- Improper socialisation – Kittens with little to no exposure to positive social and environmental stimuli during their socialisation period (6 to 12 weeks
of age) might become habitual nervous wrecks.
- Inability to flee – Inability to escape from a threatening stimulus can make your pet anxious. Being confined during noisy fireworks or forced to share a home with a pet who she doesn’t like can stress her out as well.
l Separation anxiety – Cats with separation anxiety become very distressed when left alone or separated from their pet parent or another animal close to them.
How to help an anxious cat?
Medical interventions: A thorough medical check-up by your vet including blood tests, urine tests, and any other tests, (as recommended by your vet) will help determine underlying medical concerns behind your Pet’s anxiety. Besides this, an examination of your pet’s daily routine could help trace the triggers for her anxious behaviours. Keep track of her daily routine by noting the time and situation when the symptoms are displayed. Using CCTV cameras to take video recordings of her behaviours will also help in this regard.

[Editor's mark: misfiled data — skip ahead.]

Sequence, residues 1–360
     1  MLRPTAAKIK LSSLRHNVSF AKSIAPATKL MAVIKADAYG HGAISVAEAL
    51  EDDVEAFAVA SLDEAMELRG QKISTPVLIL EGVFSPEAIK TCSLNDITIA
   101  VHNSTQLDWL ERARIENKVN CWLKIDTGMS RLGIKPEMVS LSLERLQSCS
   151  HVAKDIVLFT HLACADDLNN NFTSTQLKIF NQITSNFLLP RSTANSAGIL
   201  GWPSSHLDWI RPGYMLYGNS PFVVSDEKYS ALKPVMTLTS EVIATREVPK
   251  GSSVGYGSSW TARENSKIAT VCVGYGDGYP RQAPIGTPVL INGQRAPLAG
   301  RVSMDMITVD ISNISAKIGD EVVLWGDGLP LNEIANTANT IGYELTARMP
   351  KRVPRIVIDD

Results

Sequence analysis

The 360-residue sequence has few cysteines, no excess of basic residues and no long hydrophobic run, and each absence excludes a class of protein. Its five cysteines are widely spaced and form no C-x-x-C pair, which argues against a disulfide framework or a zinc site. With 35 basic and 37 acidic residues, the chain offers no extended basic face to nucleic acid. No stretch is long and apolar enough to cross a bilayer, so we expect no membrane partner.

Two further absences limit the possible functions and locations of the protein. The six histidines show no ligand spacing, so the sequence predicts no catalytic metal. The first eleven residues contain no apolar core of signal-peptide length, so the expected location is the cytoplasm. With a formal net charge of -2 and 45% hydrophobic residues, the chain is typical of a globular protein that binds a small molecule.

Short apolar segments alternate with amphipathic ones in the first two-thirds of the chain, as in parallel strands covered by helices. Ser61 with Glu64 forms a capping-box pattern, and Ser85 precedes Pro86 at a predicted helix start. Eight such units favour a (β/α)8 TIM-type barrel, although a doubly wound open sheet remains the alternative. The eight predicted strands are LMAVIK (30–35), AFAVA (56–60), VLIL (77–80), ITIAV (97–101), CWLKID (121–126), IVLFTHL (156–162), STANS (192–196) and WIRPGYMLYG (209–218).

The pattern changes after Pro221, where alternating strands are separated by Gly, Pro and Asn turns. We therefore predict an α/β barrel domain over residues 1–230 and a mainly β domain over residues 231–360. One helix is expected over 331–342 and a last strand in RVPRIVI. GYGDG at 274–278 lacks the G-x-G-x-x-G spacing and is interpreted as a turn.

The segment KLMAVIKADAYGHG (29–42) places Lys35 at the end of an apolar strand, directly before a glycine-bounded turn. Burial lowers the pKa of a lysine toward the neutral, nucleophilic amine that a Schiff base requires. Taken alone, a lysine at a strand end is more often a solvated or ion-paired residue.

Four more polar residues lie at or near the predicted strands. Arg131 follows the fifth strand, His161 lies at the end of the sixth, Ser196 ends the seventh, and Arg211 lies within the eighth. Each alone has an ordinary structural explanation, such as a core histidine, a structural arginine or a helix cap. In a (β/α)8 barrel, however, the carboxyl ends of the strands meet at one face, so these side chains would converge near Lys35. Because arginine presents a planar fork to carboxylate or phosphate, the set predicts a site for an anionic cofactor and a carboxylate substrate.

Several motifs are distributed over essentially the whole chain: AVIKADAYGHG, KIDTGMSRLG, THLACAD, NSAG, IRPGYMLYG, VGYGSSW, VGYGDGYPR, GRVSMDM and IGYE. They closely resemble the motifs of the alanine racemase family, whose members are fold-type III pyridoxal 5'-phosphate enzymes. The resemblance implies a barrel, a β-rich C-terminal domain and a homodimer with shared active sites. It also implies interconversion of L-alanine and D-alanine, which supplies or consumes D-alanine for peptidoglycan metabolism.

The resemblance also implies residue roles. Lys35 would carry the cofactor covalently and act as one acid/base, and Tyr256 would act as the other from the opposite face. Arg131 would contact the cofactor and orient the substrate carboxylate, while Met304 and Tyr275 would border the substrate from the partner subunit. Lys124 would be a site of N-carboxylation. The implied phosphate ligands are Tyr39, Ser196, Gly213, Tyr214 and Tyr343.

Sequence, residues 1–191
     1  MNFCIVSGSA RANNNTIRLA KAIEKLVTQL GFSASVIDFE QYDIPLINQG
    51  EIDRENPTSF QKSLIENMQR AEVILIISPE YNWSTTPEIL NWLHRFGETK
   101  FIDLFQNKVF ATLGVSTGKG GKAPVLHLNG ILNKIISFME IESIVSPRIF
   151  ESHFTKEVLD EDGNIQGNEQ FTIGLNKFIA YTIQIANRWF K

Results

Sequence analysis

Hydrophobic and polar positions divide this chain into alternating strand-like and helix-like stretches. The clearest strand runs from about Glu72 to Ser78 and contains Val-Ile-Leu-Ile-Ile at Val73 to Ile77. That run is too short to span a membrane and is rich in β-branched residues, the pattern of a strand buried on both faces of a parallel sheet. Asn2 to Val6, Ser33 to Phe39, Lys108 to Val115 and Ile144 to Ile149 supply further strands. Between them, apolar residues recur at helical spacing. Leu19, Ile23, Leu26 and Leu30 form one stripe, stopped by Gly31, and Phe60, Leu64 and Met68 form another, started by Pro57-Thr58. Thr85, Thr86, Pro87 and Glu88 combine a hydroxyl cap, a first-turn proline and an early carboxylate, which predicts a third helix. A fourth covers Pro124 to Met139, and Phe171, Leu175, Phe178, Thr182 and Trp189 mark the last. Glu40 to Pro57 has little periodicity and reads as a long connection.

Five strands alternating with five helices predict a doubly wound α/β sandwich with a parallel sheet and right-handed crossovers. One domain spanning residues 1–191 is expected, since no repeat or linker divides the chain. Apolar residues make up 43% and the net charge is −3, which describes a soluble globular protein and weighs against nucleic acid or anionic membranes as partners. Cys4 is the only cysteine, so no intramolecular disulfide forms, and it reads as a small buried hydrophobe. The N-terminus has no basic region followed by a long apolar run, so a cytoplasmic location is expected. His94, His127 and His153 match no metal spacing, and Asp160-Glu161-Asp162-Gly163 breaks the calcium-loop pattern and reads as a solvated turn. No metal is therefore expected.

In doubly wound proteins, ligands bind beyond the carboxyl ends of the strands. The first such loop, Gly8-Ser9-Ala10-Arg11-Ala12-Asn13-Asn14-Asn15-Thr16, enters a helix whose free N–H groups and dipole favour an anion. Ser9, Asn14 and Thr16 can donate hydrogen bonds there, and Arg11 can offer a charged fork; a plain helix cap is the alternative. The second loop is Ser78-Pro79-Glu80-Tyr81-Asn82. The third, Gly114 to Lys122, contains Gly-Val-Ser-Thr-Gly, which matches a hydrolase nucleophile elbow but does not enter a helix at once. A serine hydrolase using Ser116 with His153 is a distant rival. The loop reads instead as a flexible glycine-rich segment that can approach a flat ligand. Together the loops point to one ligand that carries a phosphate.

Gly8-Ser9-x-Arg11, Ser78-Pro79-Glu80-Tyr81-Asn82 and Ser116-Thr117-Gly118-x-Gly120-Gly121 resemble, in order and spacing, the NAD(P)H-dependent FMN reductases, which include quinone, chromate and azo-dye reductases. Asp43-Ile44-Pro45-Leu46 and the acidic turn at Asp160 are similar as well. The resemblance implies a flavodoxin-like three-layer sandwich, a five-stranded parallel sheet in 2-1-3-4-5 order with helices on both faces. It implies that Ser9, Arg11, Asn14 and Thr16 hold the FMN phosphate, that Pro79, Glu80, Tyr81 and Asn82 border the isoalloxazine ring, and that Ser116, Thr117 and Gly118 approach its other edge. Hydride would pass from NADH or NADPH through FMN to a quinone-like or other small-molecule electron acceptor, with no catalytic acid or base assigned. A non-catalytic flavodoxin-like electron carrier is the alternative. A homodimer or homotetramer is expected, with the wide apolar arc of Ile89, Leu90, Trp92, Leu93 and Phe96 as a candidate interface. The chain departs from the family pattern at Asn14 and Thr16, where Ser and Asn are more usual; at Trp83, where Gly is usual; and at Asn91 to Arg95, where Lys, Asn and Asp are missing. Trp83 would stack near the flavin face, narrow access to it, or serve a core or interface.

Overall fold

Medical treatment involves administering supplements or anti-depressants to your cat to ease her symptoms. Cat calming products, which are available in the form of sprays and diffusers, also work wonders in soothing your cat. Make sure you don’t use any supplements or calming products without consulting your vet.